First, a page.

Wednesday, 9 May 2012

SQL Replay: A new feature of Oracle 11g

SQL Replay is a new feature introduced in Oracle 11g. SQL Replay features is used to capture the commands executed in a database and then replay them elsewhere. You can use the capture and replay features to perform diagnostic operations or to test applications under production conditions.

Steps to create SQL Replay:

Step 1: Creating a Workload Directory

The log file for the SQL workload will be written to a directory on the source server. To specify the physical location for that directory, you must create a directory object within the database.

Use the create directory command:

create directory workload_dir as '/u01/workload'

Step 2: Starting the Capture of Source Database

To start a capture, execute the START_CAPTURE procedure of  DBMS_WORKLOAD_CAPTURE package.

        (name => 'practice_capture',
          dir => 'workload_dir',
     default_action => 'EXCLUDE');

1. The name parameter is the name you assign to the workload capture.
2. dir is the name of the directory object you created to store the workload-capture files.

Stopping the Capture:

If you have not specified a duration, you must stop the capture manually. To stop the capture, execute the FINISH_CAPTURE procedure, as shown here:


Step 3: Processing the Workload Logs:

Workload Logs are transformed into Replay Files and metadata is created. It can be done by PROCESS_CAPTURE procedure of DBMS_WORKLOAD_REPLAY package.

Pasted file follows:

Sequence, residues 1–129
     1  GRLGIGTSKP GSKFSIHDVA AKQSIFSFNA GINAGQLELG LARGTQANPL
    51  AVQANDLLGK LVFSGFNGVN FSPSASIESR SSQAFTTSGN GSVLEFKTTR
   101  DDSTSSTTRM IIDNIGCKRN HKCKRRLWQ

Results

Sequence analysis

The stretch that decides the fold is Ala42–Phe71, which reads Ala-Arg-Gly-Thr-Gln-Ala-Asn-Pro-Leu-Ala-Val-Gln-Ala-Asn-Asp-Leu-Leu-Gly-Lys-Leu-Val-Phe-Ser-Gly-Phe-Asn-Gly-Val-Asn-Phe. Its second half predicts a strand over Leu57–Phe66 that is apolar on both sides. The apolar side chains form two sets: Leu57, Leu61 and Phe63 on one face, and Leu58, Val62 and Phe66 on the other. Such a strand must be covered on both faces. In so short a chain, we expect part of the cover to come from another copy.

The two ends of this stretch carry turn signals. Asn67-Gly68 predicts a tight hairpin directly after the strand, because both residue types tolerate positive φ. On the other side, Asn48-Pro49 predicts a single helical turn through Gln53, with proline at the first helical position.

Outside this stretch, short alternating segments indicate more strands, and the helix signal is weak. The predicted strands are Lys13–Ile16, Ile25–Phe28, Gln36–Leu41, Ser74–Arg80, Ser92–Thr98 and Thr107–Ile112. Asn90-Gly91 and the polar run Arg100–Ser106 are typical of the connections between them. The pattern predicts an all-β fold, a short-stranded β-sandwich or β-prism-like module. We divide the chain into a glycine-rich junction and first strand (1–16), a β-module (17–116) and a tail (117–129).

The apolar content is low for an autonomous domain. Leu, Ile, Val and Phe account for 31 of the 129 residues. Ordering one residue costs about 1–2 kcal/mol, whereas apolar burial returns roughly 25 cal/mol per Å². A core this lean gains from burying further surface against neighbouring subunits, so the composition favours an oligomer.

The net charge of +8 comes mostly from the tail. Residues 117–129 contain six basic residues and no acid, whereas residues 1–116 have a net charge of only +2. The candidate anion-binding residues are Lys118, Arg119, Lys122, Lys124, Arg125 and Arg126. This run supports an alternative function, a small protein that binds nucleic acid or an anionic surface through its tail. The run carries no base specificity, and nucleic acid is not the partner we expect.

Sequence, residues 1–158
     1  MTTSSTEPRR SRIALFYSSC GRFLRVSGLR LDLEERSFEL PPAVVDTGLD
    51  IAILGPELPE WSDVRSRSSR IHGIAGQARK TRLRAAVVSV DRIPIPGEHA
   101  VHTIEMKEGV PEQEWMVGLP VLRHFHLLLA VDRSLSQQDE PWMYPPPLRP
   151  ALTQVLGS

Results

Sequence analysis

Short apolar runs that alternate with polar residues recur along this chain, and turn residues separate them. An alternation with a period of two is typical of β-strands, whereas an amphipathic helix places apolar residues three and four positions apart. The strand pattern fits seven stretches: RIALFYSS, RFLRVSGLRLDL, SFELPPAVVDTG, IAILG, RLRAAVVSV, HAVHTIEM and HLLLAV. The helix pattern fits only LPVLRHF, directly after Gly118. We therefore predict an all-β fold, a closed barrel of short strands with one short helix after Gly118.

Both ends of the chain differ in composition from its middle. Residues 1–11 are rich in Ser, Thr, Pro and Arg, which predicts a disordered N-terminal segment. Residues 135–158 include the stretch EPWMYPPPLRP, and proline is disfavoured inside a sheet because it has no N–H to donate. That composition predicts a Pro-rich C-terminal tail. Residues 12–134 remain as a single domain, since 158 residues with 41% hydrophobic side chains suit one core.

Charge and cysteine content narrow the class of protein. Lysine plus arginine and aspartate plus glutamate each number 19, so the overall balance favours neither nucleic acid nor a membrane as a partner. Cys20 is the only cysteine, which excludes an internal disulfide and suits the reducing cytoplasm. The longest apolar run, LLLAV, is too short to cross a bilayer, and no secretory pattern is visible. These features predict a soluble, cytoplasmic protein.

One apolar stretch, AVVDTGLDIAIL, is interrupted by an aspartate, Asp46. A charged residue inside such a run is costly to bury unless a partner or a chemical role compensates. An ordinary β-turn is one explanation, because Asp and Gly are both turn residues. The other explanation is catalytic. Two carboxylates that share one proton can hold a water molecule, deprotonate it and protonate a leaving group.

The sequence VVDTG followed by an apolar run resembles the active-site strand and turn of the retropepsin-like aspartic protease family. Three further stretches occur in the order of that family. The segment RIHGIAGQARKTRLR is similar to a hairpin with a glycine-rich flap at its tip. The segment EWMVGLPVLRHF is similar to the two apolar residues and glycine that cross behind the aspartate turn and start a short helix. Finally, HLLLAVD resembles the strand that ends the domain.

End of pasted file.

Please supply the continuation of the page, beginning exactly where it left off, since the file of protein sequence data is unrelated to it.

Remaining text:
(capture_dir => 'workload_dir');

The capture_dir variable value must be the name of a directory object within the database that points to the physical directory where the workload logs are stored.

Step 4: Replaying the Workload on Target Database

To start the replay, use the START_REPLAY procedure of DBMS_WORKLOAD_REPLAY package, as shown in the following listing:


To stop the replay, use the CANCEL_REPLAY procedure, as shown in the following listing:


Precautions while Replaying SQL

1. Before starting the capture on the source database, you should make sure there are no active transactions within the database. Best practice is to restart the database.

2. For best results during the replay, you should alter / reset the system time on the target system.

3. The target database should run the same version of Oracle as the source system.

4. Target database should be separate from the production database and should be as isolated as possible from the external structures accessed by the production database.
Note: Replay is best suited for uses in which the target system is a testing environment, rather than generating the replay in a testing environment and then executing it in a production database

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